Rev. Meinard Dunn was pastor from 1955 until 1962 followed by Father Timothy Foley, 1962-1969. Father Joseph Trapp, 1969 and still in 1981 still pastor, having been made resident pastor in July of 1975. He lived in a mobile home until the new rectory across the street from the church was built in 1977.
To celebrate the centennial year several activities were planned throughout the year, beginning in November, 1980 with the opening of the centennial year with a late afternoon Mass and a dinner in the parish hall. In January the Baptism of Christ was celebrated, as was the first recorded Baptism in the parish. In February, the annual Wurstmart was held, and was again a huge success. During March the Parish Renewal was held. A breakfast and reading of individual members faith history was held in April. To honor the dead, a memorial Mass was held at the cemetery in May. In July the parish cookbooks were issued. All members were asked to contribute their favorite recipes. During August a parish homecoming was held, and all the Sisters who had formerly served the parish were invited back. September was observed with a fish fry. An open house was held in October. To close the centennial year a closing Mass and dinner was held in November.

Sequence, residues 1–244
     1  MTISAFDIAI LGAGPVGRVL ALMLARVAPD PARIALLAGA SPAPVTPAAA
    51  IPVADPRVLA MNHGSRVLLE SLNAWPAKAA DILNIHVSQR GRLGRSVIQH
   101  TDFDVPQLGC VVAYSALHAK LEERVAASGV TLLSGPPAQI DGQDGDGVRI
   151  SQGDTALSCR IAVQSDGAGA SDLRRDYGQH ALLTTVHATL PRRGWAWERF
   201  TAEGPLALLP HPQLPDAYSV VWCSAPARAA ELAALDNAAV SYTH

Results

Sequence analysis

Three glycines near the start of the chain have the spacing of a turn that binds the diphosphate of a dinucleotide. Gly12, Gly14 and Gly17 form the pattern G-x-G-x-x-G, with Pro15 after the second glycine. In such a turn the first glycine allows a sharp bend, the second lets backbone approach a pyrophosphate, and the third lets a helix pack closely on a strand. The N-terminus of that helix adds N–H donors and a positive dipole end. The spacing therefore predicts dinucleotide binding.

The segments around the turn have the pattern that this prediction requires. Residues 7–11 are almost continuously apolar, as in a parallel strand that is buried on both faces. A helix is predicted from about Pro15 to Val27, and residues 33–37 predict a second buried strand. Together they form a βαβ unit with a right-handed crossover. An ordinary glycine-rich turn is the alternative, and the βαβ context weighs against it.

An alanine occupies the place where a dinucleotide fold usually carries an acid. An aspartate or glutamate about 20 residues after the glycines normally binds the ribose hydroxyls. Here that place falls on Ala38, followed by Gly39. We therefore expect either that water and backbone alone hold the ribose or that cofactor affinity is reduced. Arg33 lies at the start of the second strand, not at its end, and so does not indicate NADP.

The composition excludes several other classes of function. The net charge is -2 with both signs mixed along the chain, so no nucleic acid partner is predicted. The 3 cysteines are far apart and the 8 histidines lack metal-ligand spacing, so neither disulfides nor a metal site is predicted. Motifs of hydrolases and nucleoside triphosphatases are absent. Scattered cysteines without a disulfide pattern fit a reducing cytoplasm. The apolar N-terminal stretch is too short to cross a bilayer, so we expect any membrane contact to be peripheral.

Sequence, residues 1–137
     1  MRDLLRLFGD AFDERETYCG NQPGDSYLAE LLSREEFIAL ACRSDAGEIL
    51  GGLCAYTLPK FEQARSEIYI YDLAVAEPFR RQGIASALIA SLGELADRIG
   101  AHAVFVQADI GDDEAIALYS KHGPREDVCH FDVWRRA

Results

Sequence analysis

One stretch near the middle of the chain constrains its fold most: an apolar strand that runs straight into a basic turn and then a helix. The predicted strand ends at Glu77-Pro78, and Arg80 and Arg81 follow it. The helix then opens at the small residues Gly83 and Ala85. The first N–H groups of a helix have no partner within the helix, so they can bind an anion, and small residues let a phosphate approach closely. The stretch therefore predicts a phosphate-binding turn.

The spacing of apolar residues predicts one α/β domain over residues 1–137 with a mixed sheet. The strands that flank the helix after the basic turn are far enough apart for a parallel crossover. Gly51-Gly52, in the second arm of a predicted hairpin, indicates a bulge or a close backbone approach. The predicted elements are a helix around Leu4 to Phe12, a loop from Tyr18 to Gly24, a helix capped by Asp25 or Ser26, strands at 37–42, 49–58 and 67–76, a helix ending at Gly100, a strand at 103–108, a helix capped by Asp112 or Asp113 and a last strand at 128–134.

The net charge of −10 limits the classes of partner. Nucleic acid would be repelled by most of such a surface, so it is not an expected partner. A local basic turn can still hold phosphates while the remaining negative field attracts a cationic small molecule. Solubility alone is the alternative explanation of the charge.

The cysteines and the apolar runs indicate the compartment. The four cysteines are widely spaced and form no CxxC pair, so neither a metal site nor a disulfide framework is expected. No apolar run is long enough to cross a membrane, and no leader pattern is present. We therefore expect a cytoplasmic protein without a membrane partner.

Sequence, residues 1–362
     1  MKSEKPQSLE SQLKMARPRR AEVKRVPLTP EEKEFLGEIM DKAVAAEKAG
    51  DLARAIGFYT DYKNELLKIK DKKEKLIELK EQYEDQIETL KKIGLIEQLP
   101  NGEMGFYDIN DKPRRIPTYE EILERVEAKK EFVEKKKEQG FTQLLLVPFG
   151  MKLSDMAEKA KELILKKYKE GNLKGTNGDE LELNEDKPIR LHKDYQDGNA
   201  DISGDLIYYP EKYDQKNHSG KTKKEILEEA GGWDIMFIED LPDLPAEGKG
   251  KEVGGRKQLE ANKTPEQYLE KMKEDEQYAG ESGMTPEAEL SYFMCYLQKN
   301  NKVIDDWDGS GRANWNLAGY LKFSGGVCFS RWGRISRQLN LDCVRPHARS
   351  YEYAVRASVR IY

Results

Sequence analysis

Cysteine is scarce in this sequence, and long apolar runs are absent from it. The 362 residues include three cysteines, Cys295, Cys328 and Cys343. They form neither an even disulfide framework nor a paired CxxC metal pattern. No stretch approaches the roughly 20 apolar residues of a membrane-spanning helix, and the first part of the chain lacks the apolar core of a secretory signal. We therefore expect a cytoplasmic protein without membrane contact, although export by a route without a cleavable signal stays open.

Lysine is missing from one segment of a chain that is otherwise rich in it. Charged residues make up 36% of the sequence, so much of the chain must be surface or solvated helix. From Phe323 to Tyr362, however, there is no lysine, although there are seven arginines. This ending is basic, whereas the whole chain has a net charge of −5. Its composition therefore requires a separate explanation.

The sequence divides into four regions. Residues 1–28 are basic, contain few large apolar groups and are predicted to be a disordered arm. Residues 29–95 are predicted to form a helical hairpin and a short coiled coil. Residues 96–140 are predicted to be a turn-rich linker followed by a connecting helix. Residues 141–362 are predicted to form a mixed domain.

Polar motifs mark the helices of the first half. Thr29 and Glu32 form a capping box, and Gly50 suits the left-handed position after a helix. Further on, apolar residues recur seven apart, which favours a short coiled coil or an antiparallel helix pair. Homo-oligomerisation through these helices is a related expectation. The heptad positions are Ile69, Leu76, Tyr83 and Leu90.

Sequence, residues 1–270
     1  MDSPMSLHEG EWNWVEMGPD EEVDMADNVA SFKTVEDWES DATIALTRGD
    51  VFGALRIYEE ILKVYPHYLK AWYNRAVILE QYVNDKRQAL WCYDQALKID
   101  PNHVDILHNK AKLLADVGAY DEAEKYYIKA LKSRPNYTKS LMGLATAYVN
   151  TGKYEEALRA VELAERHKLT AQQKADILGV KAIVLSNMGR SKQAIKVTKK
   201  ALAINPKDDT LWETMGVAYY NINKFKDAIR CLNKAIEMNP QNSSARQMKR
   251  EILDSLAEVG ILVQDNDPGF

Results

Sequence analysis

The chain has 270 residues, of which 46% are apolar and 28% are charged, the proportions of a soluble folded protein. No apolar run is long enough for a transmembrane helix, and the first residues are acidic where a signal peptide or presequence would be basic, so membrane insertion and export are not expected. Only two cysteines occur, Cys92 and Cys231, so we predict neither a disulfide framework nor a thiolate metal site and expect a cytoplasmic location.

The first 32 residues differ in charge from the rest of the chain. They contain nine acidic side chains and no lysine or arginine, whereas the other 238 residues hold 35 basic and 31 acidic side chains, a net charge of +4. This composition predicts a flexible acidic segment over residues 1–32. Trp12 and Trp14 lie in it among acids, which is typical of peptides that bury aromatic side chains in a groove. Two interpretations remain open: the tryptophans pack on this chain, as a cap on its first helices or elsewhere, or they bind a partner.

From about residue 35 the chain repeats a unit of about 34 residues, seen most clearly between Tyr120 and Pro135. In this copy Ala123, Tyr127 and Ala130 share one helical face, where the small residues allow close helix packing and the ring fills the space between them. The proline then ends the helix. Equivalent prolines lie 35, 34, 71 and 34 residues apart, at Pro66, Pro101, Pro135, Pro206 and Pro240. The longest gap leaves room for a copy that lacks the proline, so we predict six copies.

The following is a list of priests which we have had over the past years:
1969-1982 Rev. Joseph Trapp
1982-1993 Rev. Thomas Barrett
1993-1998 Rev. Alan Ruppert
1999-2000 Fr. Roland Jacques OMI
2000-2011 Msgr. Joseph A. Lawler
2011- Fr. Slawomir Ptak became our Pastor.